97 Things Every Programmer Should Know

(Chris Devlin) #1

Collective Wisdom from the Experts 35

A prevalence of noisy comments and incorrect comments in a codebase
encourages programmers to ignore all comments, either by skipping past
them or by taking active measures to hide them. Programmers are resourceful
and will route around anything perceived to be damage: folding comments
up; switching coloring scheme so that comments and the background are the
same color; scripting to filter out comments. To save a codebase from such
misapplications of programmer ingenuity, and to reduce the risk of overlook-
ing any comments of genuine value, comments should be treated as though
they were code. Each comment should add some value for the reader, otherwise
it is waste that should be removed or rewritten.

What then qualifies as value? Comments should say something code does not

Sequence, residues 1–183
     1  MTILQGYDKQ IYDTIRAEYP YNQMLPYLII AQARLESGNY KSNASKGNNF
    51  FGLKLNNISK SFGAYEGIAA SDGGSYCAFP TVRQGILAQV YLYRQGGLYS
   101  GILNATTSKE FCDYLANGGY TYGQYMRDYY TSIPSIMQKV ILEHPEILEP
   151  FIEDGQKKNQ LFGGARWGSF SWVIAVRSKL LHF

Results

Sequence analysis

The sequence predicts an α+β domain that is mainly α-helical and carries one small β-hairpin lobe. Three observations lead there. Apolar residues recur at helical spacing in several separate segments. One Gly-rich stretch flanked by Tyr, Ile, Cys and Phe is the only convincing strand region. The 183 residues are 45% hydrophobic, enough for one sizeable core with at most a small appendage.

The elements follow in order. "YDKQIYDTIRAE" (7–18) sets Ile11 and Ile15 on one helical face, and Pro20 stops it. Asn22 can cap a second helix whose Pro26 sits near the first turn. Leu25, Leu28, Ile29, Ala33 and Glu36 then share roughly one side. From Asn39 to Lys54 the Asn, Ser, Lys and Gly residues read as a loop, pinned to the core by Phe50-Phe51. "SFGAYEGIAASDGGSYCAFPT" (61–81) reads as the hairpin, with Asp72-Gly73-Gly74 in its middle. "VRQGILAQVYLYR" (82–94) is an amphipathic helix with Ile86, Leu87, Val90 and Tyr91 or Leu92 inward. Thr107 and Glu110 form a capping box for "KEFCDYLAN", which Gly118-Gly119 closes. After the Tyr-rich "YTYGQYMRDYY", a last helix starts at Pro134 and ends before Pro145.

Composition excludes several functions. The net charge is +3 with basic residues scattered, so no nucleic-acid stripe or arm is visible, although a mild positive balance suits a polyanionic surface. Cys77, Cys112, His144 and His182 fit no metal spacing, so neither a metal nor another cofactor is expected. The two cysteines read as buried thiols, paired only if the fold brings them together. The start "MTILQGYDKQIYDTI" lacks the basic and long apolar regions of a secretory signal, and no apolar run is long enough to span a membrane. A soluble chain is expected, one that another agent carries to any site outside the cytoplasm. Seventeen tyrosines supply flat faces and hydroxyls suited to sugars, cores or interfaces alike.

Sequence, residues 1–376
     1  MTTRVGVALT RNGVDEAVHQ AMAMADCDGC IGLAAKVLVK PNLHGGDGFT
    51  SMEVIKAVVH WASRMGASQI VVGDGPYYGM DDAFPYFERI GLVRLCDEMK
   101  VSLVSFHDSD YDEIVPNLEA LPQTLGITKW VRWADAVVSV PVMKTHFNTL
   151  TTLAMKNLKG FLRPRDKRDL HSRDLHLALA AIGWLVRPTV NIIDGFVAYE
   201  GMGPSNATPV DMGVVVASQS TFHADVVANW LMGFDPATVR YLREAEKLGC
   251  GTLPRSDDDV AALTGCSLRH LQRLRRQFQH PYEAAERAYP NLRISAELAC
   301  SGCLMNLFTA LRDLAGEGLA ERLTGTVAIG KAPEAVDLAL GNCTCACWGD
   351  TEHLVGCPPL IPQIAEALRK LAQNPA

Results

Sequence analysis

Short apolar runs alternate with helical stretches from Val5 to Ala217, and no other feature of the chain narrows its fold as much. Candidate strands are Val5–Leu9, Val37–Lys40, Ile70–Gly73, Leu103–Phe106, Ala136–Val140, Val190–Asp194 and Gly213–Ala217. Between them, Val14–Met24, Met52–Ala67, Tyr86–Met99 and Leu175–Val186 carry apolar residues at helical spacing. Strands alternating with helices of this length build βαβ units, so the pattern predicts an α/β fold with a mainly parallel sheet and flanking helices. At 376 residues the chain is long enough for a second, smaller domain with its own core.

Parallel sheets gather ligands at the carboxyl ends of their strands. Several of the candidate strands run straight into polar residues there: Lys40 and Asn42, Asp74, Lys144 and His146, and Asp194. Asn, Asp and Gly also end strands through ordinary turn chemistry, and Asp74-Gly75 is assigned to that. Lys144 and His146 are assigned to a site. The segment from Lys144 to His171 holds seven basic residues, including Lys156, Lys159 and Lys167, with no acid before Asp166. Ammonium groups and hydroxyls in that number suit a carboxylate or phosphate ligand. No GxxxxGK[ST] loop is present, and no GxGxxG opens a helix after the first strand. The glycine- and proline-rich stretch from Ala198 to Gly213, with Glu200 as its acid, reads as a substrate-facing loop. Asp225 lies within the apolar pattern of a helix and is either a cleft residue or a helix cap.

and cannot say. A comment explaining what a piece of code should already
say is an invitation to change code structure or coding conventions so the code
speaks for itself. Instead of compensating for poor method or class names,
rename them. Instead of commenting sections in long functions, extract
smaller functions whose names capture the former sections’ intent. Try to
express as much as possible through code. Any shortfall between what you
can express in code and what you would like to express in total becomes a
plausible candidate for a useful comment. Comment what the code cannot say,
not simply what it does not say.

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